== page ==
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Debuting on the art scene in 2014 with a compelling vision of how he could “make pots that reflect the culture and times in which I live,” and swiftly following up with three critically-acclaimed installations, Daniel Johnston is the leading exponent of North Carolina’s pottery tradition as well as the state’s most avant-garde artist.
With modest beginnings in Randolph County, North Carolina, and little formal education, Johnston began apprenticing in nearby Seagrove, North Carolina, at the age of 16, learning directly from generations of American potters in the country’s oldest pottery mecca.
“This unconventional and diverse apprenticeship provided me with the skills and the perspective to return to North Carolina and pursue my craft on a conceptual level. I have mastered a level of craftsmanship that has left me disillusioned with the merits of displaying skill for its own sake. By making archetypical forms that transcend their historical function, these works point outward towards larger ideas about architecture and the role it plays in our perceptions of security and permanence.”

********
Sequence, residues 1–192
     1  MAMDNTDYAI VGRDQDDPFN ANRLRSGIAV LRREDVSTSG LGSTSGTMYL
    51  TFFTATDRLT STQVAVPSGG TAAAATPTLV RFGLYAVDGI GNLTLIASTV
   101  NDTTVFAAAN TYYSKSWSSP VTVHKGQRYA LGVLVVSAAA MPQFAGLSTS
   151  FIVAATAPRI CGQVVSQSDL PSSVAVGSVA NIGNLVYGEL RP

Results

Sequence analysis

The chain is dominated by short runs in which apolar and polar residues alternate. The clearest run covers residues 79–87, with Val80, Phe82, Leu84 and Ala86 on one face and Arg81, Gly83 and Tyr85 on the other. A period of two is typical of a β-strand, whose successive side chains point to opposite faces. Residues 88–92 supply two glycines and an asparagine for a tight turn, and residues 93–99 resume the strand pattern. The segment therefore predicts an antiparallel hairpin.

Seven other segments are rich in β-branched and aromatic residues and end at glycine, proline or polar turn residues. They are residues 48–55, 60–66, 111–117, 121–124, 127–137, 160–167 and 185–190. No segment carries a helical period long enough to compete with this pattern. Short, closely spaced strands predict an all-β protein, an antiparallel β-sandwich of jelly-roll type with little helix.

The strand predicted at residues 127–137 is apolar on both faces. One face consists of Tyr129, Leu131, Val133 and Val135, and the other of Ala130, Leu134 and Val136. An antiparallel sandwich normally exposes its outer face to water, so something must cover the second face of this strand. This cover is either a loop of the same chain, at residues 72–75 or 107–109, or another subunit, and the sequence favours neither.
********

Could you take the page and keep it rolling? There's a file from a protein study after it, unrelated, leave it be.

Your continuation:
Working in this vein, Johnston places his large jars in wooden structures that reference the vernacular architecture of the American South. The resulting architectural spaces acknowledge the historic contexts of vessel-making traditions and reflect Johnston’s evolving ideas about how vessels function symbolically, economically and culturally.
Johnston states, “This work does not abandon my roots or pedigree, but embraces it without falling into the trap of nostalgia. The structures I make have as much to do with this sense of security as with the vulnerability of the actual impermanence of architecture and our own existence. Putting my ceramic vessels in a temporary architectural space is much like placing them in the houses we live in, surrounding the permanence of the human spirit with an ephemeral structure. I am always seeking ways to collapse my own criterial definitions between Art and Craft, to be able to operate in the realm of both, but without the psychological restrictions of these labels.”